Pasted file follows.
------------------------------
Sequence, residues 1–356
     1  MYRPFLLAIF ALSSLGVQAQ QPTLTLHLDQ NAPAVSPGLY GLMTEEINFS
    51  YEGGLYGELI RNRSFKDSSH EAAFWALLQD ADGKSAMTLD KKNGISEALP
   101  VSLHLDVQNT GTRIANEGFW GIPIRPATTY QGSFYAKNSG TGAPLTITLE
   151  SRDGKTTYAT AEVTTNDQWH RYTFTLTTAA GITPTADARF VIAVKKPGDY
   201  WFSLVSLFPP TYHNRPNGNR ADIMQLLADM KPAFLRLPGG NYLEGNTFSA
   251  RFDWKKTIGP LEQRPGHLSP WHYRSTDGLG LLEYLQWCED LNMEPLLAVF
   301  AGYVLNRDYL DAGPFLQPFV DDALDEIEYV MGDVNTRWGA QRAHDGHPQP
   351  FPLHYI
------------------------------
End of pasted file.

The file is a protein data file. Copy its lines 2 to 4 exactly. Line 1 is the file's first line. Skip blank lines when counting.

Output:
     1  MYRPFLLAIF ALSSLGVQAQ QPTLTLHLDQ NAPAVSPGLY GLMTEEINFS
    51  YEGGLYGELI RNRSFKDSSH EAAFWALLQD ADGKSAMTLD KKNGISEALP
   101  VSLHLDVQNT GTRIANEGFW GIPIRPATTY QGSFYAKNSG TGAPLTITLE